17 years after release, Howl’s Moving Castle remains a standalone example of complex, layered storytelling with striking tenderness and wide-eyed innocence.
Howl’s Moving Castle, Studio Ghibli’s 2004 animated film, is ostensibly one of the highest grossing Japanese films ever. Written and directed by Hayao Miyazaki, Howl’s Moving Castle is a cinematic representation of a fecund, fevered dream; a dream of a utopia where missiles do not scorch magical gardens. This dazzling film is set in a land where magic is a part of everyday life, and so are Edwardian-era inspired aerial battleships. Howl’s Moving Castle is perhaps one of Miyazaki’s most visually inventive and richly detailed animation films. The titular home is a steampunk-inspired bulbous, cranking, wood and metal home on stilts that skips around expansive landscapes. The house stands as a critique of the machine-driven world, because despite the house’s majestic appearance, it relies on fire demon Calcifer’s magic to operate.
At its heart though, Howl’s Moving Castle is a coming-of-age story where every character has a journey of their own. It effectively blends fantasy, antics and sentimentality to narrate a story of self determination.
Although Howl is the titular character, the story unfolds from the perspective of Sophie Hatter, a young hatmaker at her father’s shop. After a chance encounter with a charming, handsome wizard, Sophie is cursed by the jealous The Witch of the Waste to turn into an old woman. Sophie is understandably shaken by her new form, but she isn’t despaired. "This isn't so bad now. Is it? You're still in good shape and your clothes finally suit you,’ she tells herself.. Through Sophie, Miyazaki subverts societal expectations of female beauty. While the film does not spell out the correlation between old age and self assurance, everytime Sophie takes a stand, or becomes more assured of herself, she is depicted to look younger. Her complete transformation back into a young girl takes place only when she resists Madame Sullivan, the king’s all-powerful sorceress, and her attempts at war mongering.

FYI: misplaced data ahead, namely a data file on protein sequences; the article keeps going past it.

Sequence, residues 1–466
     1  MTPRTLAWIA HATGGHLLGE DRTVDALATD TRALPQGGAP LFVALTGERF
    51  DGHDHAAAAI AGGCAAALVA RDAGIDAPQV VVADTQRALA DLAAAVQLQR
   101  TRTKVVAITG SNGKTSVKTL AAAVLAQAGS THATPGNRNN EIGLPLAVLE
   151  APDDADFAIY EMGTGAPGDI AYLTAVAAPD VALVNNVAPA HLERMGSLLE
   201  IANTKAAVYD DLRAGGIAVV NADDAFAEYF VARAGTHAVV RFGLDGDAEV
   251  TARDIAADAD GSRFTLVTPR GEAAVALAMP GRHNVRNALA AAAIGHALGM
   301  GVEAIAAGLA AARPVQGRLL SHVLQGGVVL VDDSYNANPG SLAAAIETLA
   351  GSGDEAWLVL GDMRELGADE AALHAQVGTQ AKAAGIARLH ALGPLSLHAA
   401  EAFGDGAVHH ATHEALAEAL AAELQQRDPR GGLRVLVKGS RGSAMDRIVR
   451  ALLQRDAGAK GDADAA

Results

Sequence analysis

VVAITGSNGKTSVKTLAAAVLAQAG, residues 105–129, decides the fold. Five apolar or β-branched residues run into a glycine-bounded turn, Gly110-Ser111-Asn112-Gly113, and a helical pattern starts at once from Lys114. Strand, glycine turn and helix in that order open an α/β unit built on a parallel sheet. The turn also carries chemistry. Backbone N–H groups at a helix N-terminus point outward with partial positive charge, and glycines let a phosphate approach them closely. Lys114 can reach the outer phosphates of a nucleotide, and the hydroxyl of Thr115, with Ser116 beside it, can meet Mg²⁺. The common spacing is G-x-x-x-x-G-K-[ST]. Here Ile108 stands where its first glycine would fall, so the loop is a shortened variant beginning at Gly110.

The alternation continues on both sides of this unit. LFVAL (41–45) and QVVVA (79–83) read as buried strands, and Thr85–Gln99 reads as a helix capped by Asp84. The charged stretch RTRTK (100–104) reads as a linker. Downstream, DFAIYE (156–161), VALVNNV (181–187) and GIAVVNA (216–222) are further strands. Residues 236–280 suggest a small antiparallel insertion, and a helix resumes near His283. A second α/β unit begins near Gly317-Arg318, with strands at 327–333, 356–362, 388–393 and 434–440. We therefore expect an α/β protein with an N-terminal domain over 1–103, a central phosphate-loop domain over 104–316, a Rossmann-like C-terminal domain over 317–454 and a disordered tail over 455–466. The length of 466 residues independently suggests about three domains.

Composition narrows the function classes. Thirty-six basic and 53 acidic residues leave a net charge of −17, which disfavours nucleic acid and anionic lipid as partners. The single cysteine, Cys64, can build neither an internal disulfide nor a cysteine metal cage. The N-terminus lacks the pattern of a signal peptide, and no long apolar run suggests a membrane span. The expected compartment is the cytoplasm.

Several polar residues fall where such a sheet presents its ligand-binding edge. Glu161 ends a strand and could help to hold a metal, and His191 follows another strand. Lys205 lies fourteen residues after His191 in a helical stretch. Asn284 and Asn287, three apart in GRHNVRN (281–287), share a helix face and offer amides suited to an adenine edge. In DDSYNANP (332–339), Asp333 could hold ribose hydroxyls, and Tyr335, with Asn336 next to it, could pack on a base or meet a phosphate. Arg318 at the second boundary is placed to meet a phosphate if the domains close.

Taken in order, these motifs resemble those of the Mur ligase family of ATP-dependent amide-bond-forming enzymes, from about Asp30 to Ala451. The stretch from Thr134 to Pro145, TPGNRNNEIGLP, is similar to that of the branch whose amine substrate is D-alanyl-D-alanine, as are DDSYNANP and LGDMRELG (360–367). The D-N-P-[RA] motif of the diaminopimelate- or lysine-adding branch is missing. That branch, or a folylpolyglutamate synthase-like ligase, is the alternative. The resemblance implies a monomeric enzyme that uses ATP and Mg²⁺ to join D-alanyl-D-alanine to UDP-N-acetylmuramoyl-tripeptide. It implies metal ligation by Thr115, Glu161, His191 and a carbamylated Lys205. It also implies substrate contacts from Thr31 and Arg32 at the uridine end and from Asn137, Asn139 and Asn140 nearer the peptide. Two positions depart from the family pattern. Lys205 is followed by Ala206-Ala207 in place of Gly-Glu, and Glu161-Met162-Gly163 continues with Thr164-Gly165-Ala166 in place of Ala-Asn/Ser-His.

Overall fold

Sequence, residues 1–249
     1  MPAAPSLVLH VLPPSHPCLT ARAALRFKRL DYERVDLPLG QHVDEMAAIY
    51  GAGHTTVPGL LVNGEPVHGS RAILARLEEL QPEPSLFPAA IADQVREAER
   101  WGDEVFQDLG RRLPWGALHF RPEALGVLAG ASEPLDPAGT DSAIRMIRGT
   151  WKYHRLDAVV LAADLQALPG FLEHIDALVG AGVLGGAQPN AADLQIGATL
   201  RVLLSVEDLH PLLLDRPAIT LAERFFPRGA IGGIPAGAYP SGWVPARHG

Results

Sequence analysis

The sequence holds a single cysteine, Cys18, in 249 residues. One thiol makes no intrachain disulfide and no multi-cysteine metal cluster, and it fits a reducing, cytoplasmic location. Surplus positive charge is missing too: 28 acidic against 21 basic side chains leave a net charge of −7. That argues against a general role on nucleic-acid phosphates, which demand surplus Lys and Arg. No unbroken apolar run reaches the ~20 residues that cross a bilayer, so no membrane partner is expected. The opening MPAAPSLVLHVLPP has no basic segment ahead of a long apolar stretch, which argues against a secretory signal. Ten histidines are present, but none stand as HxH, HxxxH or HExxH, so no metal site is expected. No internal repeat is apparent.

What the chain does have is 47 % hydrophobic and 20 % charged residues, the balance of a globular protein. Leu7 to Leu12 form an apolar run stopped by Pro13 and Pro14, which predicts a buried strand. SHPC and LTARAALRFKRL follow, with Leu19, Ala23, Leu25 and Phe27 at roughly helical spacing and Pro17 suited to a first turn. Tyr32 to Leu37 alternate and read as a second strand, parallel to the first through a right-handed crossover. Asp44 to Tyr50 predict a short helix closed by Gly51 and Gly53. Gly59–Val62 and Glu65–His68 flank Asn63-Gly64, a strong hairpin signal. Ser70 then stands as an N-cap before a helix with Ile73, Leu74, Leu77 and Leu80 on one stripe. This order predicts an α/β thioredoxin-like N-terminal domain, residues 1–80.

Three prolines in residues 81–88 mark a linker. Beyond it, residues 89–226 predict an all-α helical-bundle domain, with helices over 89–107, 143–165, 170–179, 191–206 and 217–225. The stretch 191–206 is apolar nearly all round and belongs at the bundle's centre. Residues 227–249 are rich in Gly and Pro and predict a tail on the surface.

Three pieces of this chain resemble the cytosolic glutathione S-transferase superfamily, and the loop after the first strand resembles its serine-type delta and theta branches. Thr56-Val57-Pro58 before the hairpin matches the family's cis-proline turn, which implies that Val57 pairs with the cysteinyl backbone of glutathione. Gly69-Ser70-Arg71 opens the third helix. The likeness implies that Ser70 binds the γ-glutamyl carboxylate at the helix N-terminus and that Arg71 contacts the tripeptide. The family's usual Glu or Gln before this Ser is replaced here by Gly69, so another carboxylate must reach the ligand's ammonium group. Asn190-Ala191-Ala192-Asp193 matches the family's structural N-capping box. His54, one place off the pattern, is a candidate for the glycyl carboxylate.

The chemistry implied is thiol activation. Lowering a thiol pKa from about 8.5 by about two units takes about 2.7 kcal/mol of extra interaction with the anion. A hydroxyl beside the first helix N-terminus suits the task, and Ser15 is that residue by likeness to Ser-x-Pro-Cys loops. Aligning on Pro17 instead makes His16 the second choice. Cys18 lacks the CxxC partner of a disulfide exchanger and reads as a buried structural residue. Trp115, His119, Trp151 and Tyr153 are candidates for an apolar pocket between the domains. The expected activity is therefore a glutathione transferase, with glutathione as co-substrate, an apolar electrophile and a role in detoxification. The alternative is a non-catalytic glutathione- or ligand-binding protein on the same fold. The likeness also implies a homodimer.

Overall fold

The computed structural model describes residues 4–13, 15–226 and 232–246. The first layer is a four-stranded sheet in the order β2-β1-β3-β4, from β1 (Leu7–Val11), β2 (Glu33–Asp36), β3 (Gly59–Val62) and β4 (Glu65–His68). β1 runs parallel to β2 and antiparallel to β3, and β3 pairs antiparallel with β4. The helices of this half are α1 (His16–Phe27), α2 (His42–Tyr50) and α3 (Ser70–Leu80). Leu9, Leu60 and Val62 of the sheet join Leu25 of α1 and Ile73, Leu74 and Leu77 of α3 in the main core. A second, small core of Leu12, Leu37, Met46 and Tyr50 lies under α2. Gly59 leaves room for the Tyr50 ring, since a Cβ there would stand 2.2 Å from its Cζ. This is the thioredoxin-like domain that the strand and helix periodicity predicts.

The film also aligns vanity with its male protagonist, Howl. Howl is flamboyant, but also narcissistic. He draws a sense of self worth from his appearance, evidenced in his constant struggle to not turn into a monster. But in the end, Howl isn’t concerned neither his appearance, nor that of Sophie. For those who have grown up internalising Disney’s ideals of youth and romance, the gender reversal comes as a welcome change.
Miyazaki’s film, although made for children, does not shy away to present a grim and earnest portrayal of the terrors that wars cause on civilian lives. The director’s earlier works, like Nausicaä of the Valley of the Wind (1984), also dealt with anti-war themes. However, his work was largely unknown to the western audience until Spirited Away’s Academy Award win. But the director refused to attend the award ceremony in 2003 voicing his objections against the Iraq War.
Yet, Howl’s Moving Castle is not cynical. There is a gentleness with which Miyazaki has reimagined the characters created in British author Diana Wynne Jones novel, on which the film is based. He does so by deconstructing popular fairytale tropes. Thus, a witch who cursed Sophie to turn into an old woman becomes an endearing, albeit cantankerous at times, grandmother. Similarly, the frog prince of this story, a living scarecrow Sophie names Turnip Head, is transformed into his former prince self when kissed by his beloved. However, he is not worried about her loving another man. Turnip Man decides he’ll return to his own country to stop the war now. Howl, who hides his cowardice behind his magical powers and often (mis)uses them to slither out of difficult situations, finds a purpose in “protecting” Sophie. But ironically, it is almost always Sophie who comes to Howl's rescue.
17 years after release, Howl’s Moving Castle remains a standalone example of complex, layered storytelling with a striking tenderness and wide-eyed innocence.